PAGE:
Building Sustainable Peace in Sierra Leone

GPPAC brought together civil society actors from across Sierra Leone to engage in the establishment of an independent Peace and National Cohesion Commission from 4-5 of October, 2018 in Freetown. This Infrastructures for Peace (I4P) roundtable organised jointly with its key member, the West Africa Network for Peacebuilding (WANEP), came up with a series of recommendations and follow-up steps. These steps will guide the continued involvement of civil society actors in the formalisation of a commission as a social mechanism to sustain peace in Sierra Leone. A first example is the upcoming Government-UNDP led national dialogue conference planned for November 2018.

A picture taken during the discussion at the Roundtable on National Peace Infrastructures in Sierra Leone, from left to right: Mr. Charles Lahai, director of PAACET, Hon. Solomon Jamiru, the Deputy Minister of Information and Communication, Dr. Sam Doe, Country Director UNDP, and Mr. Pascal Richard, GPPAC Managing Adviser Policy and Advocacy.
A picture taken during the discussion at the Roundtable on National Peace Infrastructures in Sierra Leone, from left to right: Mr. Charles Lahai, director of PAACET, Hon. Solomon Jamiru, the Deputy Minister of Information and Communication, Dr. Sam Doe, C

Sierra Leone has been scarred by a decade long civil war that ravaged the country between 1991 and 2002 causing over 50.000 casualties. A decade later, an ebola epidemic broke out, taking roughly 4.000 lives and fragelising the social cohesion at national and regional levels. Due to these disrupting events, it has been extremely complex to engage in meaningful peacebuilding and state building processes by local, national or international actors. Various approaches and strategies have been set in place, but a sustained attention towards peace at all levels has been lacking.

The new Government (elected in April 2018) has set sustainable peace and development as central issues to achieve a just, inclusive and peaceful society, as described in SDG 16. Nabeela Tunis, Minister of Planning and Economic Development, believes that SDG 16 plays a central role both at a global and at a national level, calling it "the mother of all goals". During a recent forum, she called for a focus on key elements such as inclusion and participation in order to achieve national cohesion. The new Government chose to continue its role as a co-chair of the task force on access to justice together with the Netherlands and Argentina.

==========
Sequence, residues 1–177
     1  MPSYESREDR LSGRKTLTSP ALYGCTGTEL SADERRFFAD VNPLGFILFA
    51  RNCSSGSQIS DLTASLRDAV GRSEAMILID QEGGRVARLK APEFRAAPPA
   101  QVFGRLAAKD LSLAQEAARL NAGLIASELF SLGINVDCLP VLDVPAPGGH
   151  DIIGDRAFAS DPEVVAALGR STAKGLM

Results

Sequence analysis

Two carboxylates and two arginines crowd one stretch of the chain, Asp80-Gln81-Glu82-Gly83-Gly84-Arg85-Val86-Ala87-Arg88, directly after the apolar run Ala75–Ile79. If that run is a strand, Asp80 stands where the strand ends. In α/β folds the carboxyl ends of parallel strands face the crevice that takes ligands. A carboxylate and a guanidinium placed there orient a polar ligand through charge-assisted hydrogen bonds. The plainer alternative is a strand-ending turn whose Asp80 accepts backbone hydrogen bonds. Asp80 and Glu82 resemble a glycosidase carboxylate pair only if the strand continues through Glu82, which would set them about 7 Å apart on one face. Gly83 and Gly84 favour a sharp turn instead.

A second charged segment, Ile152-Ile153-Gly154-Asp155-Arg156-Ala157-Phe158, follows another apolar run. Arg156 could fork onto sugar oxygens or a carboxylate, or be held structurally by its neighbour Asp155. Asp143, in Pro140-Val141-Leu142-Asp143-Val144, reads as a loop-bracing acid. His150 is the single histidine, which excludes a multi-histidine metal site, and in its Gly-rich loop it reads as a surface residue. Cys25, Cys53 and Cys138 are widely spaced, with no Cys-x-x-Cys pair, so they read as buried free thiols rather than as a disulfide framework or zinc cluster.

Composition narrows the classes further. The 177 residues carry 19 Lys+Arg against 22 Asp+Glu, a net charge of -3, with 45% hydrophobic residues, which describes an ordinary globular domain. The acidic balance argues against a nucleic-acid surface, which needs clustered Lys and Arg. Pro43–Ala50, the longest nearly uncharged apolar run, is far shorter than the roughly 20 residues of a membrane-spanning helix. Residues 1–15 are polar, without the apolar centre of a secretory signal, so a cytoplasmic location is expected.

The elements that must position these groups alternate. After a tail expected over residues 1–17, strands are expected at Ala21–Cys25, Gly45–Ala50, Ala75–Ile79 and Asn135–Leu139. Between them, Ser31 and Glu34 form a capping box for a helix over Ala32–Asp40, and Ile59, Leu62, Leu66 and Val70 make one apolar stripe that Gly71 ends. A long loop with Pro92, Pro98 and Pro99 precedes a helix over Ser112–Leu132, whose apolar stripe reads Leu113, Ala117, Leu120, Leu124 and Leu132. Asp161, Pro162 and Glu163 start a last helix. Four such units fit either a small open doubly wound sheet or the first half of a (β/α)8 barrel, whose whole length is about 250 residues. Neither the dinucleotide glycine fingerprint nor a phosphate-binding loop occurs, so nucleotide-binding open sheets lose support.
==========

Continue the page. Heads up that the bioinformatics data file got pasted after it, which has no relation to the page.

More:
Yet, next to a formal judicial system, it is important to establish infrastructures for peace as a "dynamic networking of skills, capacities, resources, tools and institutions that help build constructive social and political relationships and enhance sustainable resilience of societies against relapse into violence". In line with these commitments, Sierra Leone's President Julius Maada Bio recently announced plans to set up a national infrastructure for peace, an independent National Commission on Peace and Cohesion to help address ethnic and regional divides along political lines across the country as well as to strengthen peace and national inclusion. In this article by the Sierra Leone Telegraph, the importance on having this independent commission is highlighted.

The Infrastructures for Peace (I4P) Roundtable

Seizing the call by the president to establish an independent Peace and national cohesion commission, GPPAC and WANEP organised a roundtable on I4P. The roundtable allowed for discussions and strategizing among 25 CSO's from Sierra Leone together with  GPPAC members from across the globe. A representative from the Ghana National Peace Council (NPC) shared their experience in setting up their nation wide infrastructures that helped facilitate relatively peaceful political transitions in Ghana. The NPC also functions as a bridge between local communities, districts and the Government highlighting issues to be addressed and facilitating timely interventions. Limitations the council faced and that should inform strategies in Sierra Leone include the need to reach out to the most local levels and build on the existing capacities and systems that support peace. This also needs to be adequately resourced, primarily by the Government, and only secondarily by potential outside actors.

Taking into account the various inputs and experiences, Sierra Leonean CSOs developed a joint framework for engaging into the process of setting up such a commission. They agreed on the need for an inclusive and independent peace infrastructure to enhance national cohesion and development in Sierra Leone. The envisaged mandates of a peace commission included among others the promotion of a culture of peace, the support for the prevention and management of conflicts and enhancing traditional conflict resolution mechanisms. The need to make the commission as independent from the current political climate as possible was also stressed and translated into recommendations for its composition and sustainability. It was unanimously agreed that PAACET would lead the CSOs engagements to popularise the outcome of the meeting and link up with existing structures working on social cohesion programs and the peace commission. With a conference on the establishment of a Peace Commission planned by the Government of Sierra Leone in November 2018, the roundtable came in a timely manner to ensure joint exchanges and engagements from civil society to create sustainable peace in the country.

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